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act of force Admiralty Albericus Gentilis allowed applied arms army authority belligerent belligerent ships belonging besieged blockade breach Britain British capture cargo carrying claim coast commanders commerce condemned condition confiscation contraband contract convention cruisers Declaration of Paris Denmark despatch destination doctrine Droit effect enemy character enemy property enemy ships enemy subjects enemy's England Enlistment Act 1870 favour flag Foreign Enlistment Act France Freeman Snow French Geneva Convention Grotius ground Hague hostile individuals intention international law invader land latter limited Lord Kingsdown Lord Stowell maritime military nations naval necessary necessity neutral country neutral duty neutral port neutral ships neutral territory occupation operations opinion owner pacific blockade parties peace persons practice principle prisoners prize court prize law prohibited question quoted recognised regard regulations relation reprisals rule Russia Scott sovereign Sweden taken treaty Twiss United vessel violation voyage
Page 226 - The neutral flag covers enemy's goods, with the exception of contraband of war. 3. Neutral goods, with the exception of contraband of war, are not liable to capture under enemy's flag. 4. Blockades, in order to be binding, must be effective — that is to say, maintained by a force sufficient really to prevent access to the coast of the enemy.
Page 204 - ... or a merchant ship) shall have previously departed, until after the expiration of at least twenty-four hours from the departure of such last-mentioned vessel beyond the jurisdiction of the United States.
Page 93 - If, in addition to the taxes mentioned in the above article, the occupant levies other money contributions in the occupied territory, this shall only be for the needs of the army or of the administration of the territory in question.
Page 206 - ... in either of which cases the authorities of the port or of the nearest port (as the case may be) shall require her to put to sea as soon as possible after the expiration of such period of twenty-four hours...
Page 84 - The authority of the legitimate Power having in fact passed into the hands of the occupant, the latter shall take all the measures in his power to restore, and ensure, as far as possible, public order and safety, while respecting, unless absolutely prevented, the laws in force in the country.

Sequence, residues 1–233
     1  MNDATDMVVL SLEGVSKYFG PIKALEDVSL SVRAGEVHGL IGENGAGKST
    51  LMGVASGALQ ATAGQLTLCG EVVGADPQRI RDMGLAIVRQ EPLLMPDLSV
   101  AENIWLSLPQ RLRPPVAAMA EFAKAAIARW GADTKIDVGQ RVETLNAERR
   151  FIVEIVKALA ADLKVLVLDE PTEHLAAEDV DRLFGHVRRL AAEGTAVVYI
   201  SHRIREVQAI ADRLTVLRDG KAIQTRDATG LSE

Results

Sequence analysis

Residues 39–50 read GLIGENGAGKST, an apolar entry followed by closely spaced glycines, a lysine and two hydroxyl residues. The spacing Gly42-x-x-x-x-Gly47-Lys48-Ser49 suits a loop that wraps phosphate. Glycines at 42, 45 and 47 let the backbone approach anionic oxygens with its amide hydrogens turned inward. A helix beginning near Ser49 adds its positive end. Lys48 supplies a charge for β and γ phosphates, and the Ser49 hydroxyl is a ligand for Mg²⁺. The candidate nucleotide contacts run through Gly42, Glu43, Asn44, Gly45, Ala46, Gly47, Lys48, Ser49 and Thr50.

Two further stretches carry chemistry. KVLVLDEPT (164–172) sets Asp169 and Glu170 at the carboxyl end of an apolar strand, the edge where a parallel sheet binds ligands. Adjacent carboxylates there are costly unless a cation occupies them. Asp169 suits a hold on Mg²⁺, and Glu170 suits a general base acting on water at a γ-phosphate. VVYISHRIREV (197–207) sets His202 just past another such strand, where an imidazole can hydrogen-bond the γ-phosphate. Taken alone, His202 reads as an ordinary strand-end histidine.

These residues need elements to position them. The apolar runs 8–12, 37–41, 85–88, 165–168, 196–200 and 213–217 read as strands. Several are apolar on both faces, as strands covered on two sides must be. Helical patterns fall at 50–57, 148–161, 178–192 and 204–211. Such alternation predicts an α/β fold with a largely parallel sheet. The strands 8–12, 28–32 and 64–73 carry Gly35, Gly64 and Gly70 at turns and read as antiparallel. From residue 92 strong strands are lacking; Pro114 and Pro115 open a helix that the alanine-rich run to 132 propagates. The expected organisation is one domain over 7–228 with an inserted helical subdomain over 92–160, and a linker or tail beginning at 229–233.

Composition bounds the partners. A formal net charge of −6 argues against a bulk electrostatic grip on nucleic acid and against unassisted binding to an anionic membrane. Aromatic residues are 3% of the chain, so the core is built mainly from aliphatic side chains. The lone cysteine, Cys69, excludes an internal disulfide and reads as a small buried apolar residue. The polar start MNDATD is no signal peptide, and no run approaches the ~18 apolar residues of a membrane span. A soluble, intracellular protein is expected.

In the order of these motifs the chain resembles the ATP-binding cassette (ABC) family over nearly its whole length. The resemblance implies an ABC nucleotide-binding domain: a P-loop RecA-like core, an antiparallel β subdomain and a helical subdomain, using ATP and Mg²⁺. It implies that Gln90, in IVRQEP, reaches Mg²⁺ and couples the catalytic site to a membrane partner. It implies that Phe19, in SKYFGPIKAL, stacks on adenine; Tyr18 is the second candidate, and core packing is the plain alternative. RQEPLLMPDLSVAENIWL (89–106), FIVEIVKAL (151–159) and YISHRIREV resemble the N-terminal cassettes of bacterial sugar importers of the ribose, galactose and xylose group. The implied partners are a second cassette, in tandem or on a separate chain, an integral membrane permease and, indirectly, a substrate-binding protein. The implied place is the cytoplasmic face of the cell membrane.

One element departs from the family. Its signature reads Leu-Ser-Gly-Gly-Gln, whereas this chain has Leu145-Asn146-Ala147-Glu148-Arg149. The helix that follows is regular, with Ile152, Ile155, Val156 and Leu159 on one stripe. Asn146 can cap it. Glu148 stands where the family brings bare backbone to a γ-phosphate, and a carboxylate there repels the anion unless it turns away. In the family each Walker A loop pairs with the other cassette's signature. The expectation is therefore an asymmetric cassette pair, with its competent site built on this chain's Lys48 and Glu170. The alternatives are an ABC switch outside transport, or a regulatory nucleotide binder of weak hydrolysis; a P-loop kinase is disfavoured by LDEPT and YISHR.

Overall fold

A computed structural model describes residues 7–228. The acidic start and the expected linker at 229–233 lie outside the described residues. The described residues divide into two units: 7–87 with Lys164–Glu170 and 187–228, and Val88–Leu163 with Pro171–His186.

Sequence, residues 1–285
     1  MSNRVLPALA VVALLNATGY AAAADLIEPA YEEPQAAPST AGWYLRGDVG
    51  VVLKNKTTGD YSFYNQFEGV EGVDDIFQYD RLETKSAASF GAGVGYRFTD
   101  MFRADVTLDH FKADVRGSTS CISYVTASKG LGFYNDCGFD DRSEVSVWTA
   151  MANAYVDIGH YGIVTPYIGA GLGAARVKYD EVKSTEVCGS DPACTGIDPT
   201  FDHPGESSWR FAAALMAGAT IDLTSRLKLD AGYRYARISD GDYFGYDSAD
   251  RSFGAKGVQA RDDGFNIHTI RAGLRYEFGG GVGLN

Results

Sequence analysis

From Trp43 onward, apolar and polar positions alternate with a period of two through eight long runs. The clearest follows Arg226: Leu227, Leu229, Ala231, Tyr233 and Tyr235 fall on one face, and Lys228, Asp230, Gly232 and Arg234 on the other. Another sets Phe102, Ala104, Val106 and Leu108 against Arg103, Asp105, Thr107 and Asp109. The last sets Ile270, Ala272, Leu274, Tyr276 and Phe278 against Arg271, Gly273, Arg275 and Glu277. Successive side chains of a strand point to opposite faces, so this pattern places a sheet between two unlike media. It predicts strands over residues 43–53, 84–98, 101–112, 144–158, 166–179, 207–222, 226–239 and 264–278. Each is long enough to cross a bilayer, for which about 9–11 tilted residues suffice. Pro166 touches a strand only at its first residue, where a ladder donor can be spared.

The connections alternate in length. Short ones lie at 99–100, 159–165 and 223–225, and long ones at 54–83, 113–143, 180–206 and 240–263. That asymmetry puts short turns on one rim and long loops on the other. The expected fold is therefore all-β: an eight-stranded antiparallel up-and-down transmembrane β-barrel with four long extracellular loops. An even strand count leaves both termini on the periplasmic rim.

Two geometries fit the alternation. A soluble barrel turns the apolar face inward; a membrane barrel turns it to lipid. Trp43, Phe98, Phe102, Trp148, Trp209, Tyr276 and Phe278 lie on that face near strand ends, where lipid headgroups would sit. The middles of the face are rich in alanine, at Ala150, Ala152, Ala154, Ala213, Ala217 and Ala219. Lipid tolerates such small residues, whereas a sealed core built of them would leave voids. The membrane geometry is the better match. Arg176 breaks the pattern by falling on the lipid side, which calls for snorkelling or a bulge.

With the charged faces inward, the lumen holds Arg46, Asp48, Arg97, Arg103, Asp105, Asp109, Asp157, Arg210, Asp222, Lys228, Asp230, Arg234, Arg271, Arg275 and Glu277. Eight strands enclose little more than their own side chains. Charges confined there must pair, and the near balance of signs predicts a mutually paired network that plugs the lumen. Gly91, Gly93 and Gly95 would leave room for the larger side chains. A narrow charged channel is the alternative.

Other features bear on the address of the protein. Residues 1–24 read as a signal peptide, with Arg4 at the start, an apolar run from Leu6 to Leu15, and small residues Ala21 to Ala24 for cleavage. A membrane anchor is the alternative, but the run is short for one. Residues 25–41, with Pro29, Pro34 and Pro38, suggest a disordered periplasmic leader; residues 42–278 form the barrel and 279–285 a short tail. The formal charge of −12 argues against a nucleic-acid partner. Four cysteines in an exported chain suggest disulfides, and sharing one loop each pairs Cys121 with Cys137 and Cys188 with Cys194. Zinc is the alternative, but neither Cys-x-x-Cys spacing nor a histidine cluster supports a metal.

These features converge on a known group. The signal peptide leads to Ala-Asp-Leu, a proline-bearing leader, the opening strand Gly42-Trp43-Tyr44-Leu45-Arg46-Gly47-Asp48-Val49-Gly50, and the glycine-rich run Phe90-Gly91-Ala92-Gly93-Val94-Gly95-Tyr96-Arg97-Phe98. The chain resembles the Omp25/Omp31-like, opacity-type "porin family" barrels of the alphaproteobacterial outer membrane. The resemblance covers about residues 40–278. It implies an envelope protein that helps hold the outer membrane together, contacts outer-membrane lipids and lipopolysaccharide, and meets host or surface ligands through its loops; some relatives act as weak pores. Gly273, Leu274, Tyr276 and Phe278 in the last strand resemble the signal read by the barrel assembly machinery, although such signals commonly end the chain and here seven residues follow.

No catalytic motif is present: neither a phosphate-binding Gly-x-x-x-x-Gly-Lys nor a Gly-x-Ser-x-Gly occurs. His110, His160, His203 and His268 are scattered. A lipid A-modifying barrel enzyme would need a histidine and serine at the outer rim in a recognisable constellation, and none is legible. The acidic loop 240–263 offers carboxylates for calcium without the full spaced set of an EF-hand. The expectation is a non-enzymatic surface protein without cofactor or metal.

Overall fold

Page 126 - Considering: That Maritime Law, in time of war, has long been the subject of deplorable disputes; That the uncertainty of the law, and of the duties in such a matter, gives rise to differences of opinion between neutrals and belligerents which may occasion serious difficulties, and even conflicts...
Page 64 - Prisoners of war shall be subject to the laws, regulations, and orders in force in the army of the State in whose power they are. Any act of insubordination justifies the adoption towards them of such measures of severity as may be considered necessary.
Page 17 - The law of nations, founded upon justice, equity, convenience, and the reason of the thing, and confirmed by long usage, does not allow of reprisals, except in case of violent injuries directed or supported by the State, and justice absolutely denied in re minime dubia by all the tribunals, and afterwards by the prince.
Page 199 - Act, are brought within the limits of Her Majesty's dominions by the captor or any agent of the captor, or by any person having come into possession thereof with knowledge that the same was prize of war so captured as aforesaid, it shall be lawful for the original owner of such prize or his agent or for any person...